- The Washington Times - Tuesday, November 8, 2005

Flyi Inc. yesterday reached tentative agreements on wage cuts and work rule changes with two of its unions at its low-cost carrier Independence Air, one day after filing for Chapter 11 bankruptcy protection.

Agreements with the Association of Flight Attendants and Aircraft Mechanics Fraternal Association must be ratified by workers.

Neither the company nor the unions divulged terms of their agreements.

Mechanics union representative Marc Gendron said his union’s tentative contract would satisfy the airline’s short-term needs and the long-term needs of the union, which has about 200 members.

“Personally I think it’s a really good deal for the guys,” Mr. Gendron said. “Our negotiating team wouldn’t put it out there if we didn’t think it was appropriate.”

The proposed contract is a 4-year deal. The mechanics union has been negotiating with the airline since June 2002 under supervision of the National Mediation Board.

Mr. Gendron said the union should complete voting within 30 days.

The agreement will help the airline restructure, said Kenneth Kindred, president of the Association of Flight Attendants-Communications Workers of America Master Executive Council.

Ballots will be mailed to Independence Air’s estimated 500 flight attendants today and counted Nov. 28.

Membership meetings will be held today and tomorrow to discuss the terms.

If the unions don’t agree to negotiated wage cuts, the airline could simply ask the U.S. Bankruptcy Judge Mary F. Walrath to void the contracts, allowing the airline to unilaterally impose wage rates and change work rules.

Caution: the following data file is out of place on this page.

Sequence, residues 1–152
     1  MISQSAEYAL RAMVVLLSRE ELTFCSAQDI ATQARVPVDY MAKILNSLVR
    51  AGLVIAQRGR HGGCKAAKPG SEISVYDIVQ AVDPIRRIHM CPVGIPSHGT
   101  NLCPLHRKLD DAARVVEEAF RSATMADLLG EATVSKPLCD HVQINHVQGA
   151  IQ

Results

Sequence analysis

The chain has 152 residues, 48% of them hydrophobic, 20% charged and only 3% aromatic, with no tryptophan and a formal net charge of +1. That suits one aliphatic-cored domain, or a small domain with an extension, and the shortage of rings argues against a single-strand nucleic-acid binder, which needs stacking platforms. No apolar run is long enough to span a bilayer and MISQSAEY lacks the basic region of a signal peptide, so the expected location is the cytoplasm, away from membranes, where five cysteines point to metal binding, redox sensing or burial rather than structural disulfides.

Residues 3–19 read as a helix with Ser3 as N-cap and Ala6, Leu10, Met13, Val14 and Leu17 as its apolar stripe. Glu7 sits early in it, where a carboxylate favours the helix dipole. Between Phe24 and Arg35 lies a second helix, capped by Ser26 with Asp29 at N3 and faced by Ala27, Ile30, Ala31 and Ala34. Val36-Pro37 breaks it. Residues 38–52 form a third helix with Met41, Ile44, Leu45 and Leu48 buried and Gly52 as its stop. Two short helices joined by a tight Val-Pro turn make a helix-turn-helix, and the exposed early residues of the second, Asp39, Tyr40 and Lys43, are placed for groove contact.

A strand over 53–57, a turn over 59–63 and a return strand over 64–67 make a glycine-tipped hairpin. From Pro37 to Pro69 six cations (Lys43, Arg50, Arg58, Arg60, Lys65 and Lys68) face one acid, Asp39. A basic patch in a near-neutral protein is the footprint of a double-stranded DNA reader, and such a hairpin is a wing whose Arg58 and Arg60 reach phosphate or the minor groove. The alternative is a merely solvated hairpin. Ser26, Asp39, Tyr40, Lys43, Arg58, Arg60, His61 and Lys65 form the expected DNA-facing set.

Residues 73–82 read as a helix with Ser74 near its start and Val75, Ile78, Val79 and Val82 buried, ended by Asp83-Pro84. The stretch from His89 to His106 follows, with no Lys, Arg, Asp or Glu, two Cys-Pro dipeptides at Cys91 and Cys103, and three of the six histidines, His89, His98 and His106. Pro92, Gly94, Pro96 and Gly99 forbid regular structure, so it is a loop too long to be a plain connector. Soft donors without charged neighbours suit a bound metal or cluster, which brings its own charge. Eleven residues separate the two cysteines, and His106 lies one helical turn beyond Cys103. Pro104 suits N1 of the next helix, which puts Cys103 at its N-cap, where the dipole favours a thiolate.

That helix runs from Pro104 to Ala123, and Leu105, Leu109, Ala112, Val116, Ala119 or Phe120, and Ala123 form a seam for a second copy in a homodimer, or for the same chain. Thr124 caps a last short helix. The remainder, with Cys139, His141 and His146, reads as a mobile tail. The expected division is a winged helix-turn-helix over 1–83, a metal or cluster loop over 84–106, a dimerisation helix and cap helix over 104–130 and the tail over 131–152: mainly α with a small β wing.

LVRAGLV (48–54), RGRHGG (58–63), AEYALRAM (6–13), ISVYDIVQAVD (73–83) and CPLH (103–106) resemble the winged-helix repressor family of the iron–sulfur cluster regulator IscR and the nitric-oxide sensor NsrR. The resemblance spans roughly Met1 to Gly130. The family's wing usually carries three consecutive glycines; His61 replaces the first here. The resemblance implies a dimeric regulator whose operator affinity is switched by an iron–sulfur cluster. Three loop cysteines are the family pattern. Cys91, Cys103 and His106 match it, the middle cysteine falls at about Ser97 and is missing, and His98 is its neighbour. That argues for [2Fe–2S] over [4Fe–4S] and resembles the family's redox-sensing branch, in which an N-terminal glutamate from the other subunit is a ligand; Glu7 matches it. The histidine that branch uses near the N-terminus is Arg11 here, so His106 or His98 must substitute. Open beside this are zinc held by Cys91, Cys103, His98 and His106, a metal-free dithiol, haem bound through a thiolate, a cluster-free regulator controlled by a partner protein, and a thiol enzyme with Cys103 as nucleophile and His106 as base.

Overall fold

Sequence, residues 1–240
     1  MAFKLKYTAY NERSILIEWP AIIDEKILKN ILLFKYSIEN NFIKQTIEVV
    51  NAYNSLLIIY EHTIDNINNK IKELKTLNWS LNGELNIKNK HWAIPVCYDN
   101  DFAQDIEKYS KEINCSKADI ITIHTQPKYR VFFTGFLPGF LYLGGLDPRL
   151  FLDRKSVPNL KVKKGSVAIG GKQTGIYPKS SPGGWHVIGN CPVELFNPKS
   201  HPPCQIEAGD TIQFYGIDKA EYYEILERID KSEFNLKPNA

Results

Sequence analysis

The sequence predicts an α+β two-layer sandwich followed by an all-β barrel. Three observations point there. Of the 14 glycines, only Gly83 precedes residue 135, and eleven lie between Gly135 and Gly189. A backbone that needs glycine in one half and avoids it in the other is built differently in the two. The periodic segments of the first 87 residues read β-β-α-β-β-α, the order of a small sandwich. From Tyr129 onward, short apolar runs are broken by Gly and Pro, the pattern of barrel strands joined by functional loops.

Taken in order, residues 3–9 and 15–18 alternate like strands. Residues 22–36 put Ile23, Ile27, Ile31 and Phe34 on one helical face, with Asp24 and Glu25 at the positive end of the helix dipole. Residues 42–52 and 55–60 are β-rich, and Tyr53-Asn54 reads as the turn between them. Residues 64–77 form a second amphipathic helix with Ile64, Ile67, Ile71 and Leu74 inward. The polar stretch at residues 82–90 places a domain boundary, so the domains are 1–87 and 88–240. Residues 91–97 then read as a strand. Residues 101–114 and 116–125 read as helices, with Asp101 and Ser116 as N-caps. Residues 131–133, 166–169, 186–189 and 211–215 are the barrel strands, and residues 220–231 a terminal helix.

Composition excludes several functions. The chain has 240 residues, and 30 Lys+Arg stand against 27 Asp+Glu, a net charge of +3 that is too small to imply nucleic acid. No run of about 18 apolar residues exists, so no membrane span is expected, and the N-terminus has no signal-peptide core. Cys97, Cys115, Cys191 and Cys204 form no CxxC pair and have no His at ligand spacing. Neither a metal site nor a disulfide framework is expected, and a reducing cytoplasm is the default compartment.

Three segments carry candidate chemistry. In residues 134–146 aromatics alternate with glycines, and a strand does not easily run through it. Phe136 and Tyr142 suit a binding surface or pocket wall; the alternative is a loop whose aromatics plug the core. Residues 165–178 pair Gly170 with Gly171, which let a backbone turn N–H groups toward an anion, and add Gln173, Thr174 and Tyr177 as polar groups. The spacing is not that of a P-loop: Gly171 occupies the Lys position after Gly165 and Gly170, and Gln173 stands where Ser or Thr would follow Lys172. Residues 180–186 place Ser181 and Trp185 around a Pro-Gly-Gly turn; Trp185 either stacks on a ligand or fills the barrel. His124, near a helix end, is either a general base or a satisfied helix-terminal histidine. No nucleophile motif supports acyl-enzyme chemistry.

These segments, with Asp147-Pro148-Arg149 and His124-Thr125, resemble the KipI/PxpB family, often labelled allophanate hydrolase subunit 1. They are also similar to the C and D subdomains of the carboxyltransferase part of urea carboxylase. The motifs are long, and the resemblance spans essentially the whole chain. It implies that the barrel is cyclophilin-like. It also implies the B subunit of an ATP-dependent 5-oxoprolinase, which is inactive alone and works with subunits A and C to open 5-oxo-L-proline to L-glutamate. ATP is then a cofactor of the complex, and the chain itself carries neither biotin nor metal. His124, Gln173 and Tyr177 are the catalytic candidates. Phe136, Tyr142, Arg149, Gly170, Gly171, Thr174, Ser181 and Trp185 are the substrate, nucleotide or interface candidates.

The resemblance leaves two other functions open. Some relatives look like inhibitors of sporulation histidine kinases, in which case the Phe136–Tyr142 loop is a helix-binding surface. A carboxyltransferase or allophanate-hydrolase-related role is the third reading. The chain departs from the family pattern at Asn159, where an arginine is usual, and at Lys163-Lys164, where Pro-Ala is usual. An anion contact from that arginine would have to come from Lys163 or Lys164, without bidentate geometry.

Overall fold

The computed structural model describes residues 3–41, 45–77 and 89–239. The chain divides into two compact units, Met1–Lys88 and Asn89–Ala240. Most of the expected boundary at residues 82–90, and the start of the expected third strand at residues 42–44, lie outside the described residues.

Flyi Inc. filed for Chapter 11 protection from creditors on Monday in U.S. Bankruptcy Court in Delaware listing assets of $378.5 million and debts of $455.4 million. The company has $24 million in cash.

Mr. Gendron said the union is aware Independence Air could shut down if no bidders participate in the court-supervised auction the company has asked the court to allow.

But mechanics remain hopeful.

“We really feel this place can make it. Whether it does or not is beyond our control,” Mr. Gendron said.

Flyi’s bankruptcy came just 17 months after the airline reinvented itself as a low-cost carrier under the name Independence Air. The airline had been known as Atlantic Coast Airlines and began flying in December 1989 as a regional carrier for United Airlines. It severed ties with United in April 2004.

Company executives agreed to take wage cuts. Chairman and Chief Executive Officer Kerry Skeen will take a 25 percent pay cut. President and Chief Operating Officer Tom Moore will take a 20 percent wage cut.

Management and other salaried workers are subject to an immediate 5 percent pay cut.

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